It has always been a most arduous task to govern distant Provinces, with even a tolerable appearance of justice. The Viceroys and Governors of other nations are usually temporary tyrants, who think themselves obliged to make the most of their time; who not only plunder the People, but carry away their spoils, and dry up all the sources of commerce and industry. Taxation, in their hands, is an unlimited power of oppression: but in whatever hands the power of taxation is lodged, it implies and includes all other powers. Arbitrary taxation is plunder authorized by law: it is the support and the essence of tyranny; and has done more mischief to mankind, than those other three scourges from heaven, famine, pestilence, and the sword. I need not carry your Lordships out of your own knowledge, or out of your own Dominions, to make you conceive what misery this right of taxation is capable of producing in a Provincial Government. We need only recollect that our countrymen in India, have in the space of five or six years, in virtue of this right, destroyed, starved, and driven away, more inhabitants from Bengal, than are to be found at present in all our American Colonies; more than all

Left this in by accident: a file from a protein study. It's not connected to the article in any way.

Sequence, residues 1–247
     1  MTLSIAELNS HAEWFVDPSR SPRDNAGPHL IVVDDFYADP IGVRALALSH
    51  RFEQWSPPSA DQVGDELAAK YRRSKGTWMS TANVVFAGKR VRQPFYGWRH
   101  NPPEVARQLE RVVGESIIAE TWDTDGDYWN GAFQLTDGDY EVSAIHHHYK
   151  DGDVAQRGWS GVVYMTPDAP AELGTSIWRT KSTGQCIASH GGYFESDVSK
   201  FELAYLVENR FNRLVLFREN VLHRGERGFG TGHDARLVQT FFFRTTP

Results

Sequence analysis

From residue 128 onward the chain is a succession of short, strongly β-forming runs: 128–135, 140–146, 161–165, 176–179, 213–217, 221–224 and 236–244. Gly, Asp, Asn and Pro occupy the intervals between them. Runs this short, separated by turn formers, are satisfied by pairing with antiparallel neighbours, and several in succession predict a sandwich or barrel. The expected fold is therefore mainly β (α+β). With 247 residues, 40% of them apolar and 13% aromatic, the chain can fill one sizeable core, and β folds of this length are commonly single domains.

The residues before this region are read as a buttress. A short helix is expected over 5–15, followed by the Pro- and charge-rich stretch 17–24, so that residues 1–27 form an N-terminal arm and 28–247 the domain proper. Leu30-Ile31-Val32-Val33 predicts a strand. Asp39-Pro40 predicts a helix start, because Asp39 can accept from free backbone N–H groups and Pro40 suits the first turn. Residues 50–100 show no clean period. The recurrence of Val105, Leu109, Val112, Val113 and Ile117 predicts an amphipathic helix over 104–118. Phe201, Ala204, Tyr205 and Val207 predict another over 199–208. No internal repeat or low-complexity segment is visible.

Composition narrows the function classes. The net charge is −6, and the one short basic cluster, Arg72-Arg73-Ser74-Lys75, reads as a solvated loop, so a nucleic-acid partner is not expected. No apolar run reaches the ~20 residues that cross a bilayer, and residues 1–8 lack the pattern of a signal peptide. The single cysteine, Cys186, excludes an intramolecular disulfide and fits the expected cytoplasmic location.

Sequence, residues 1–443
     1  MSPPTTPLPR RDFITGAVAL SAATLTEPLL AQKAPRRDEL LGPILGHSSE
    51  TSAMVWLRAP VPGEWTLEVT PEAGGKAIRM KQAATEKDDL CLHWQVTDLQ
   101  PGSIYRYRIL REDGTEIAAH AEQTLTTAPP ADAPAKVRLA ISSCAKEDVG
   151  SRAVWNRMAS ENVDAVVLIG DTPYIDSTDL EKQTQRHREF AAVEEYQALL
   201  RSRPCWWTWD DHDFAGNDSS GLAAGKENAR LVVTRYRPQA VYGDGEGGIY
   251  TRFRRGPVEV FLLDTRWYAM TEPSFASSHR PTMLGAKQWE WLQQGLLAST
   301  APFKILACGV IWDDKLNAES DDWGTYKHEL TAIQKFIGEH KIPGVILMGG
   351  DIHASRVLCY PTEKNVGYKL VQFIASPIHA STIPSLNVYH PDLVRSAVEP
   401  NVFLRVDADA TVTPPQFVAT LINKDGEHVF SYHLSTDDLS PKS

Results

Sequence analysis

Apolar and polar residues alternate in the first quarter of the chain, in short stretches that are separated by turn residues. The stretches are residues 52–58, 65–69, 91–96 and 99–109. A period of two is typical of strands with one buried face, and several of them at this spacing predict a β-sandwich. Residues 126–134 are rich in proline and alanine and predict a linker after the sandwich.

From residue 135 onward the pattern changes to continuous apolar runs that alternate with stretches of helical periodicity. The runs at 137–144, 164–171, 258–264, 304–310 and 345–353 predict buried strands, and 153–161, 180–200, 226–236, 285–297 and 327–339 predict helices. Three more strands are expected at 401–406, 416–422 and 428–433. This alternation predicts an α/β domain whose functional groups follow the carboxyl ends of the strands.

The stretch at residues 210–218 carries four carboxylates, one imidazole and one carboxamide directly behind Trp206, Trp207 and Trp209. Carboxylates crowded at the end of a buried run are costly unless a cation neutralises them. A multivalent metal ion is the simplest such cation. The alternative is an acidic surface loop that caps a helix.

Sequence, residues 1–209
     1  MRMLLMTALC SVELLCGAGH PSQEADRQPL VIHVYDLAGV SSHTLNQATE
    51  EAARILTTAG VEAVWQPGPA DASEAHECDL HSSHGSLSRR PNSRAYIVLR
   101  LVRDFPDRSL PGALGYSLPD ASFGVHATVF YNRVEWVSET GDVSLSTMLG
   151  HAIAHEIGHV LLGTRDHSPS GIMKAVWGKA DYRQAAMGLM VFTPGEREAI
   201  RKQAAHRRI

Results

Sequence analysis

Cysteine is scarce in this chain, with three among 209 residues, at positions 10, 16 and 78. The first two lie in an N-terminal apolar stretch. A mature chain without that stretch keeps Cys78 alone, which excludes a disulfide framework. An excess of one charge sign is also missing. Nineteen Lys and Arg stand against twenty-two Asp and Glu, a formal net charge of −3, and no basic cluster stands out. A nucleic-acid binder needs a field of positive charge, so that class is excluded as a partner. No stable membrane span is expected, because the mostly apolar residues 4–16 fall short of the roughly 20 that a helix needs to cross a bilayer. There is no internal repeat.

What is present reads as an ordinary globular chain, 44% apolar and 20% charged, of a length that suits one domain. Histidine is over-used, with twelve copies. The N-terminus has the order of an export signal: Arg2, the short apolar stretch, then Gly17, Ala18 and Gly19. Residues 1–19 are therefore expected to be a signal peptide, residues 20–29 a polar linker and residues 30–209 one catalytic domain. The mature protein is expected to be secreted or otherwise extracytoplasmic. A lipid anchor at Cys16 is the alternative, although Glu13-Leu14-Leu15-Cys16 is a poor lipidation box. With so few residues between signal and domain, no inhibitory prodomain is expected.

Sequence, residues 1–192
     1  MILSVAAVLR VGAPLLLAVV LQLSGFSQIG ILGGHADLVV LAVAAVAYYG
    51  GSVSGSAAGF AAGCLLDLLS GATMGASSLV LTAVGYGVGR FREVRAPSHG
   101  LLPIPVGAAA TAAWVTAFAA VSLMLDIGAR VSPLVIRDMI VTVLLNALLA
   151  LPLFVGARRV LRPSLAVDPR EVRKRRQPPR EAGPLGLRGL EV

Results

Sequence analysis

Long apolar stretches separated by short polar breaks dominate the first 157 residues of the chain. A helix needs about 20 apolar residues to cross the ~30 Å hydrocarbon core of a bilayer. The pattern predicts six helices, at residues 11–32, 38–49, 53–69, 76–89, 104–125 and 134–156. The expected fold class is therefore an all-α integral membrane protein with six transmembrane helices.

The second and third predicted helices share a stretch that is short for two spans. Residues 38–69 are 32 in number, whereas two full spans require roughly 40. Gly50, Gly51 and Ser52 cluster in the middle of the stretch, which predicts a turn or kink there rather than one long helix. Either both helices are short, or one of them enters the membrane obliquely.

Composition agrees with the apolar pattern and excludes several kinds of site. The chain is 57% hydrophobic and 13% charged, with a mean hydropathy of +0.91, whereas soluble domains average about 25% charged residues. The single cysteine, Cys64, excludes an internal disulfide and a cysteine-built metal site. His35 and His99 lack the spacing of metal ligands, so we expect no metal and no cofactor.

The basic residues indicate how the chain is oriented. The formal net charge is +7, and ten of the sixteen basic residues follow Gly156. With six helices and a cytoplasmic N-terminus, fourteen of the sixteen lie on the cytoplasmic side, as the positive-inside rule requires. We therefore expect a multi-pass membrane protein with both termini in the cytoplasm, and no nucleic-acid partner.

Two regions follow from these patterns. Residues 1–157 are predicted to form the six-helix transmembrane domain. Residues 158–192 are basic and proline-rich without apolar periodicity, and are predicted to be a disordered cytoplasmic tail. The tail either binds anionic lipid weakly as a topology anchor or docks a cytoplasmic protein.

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those formidable numbers, which we have been nursing up for the space of two hundred years, with so much care and success, to the astonishment of all Europe. This is no exaggeration, my Lords, but plain matter of fact, collected from the accounts sent over by Mr˙ Hastings, whose name I mention with honour and veneration. And I must own, such accounts have very much lessened the pleasure I used to feel in thinking myself an Englishman. We ought surely not to hold our Colonies totally inexcusable for wishing to exempt themselves from a grievance which has caused such unexampled devastation; and, my Lords, it would be too disgraceful to ourselves, to try so cruel an experiment more than once. Let us reflect, that before these innovations were thought of, by following the line of good conduct which had been marked out by our ancestors, we governed North America with mutual benefit to them and ourselves. It was a happy idea that made us first consider them rather as instruments of commerce than as objects of Government. It was wise and generous to give them the form and spirit of our own constitution; an Assembly in which a greater equality of representation has been preserved than at home; and Councils and Governors, such as were adapted to their situation, though they must be acknowledged to be very inferior copies of the dignity of this House, and the majesty of the Crown.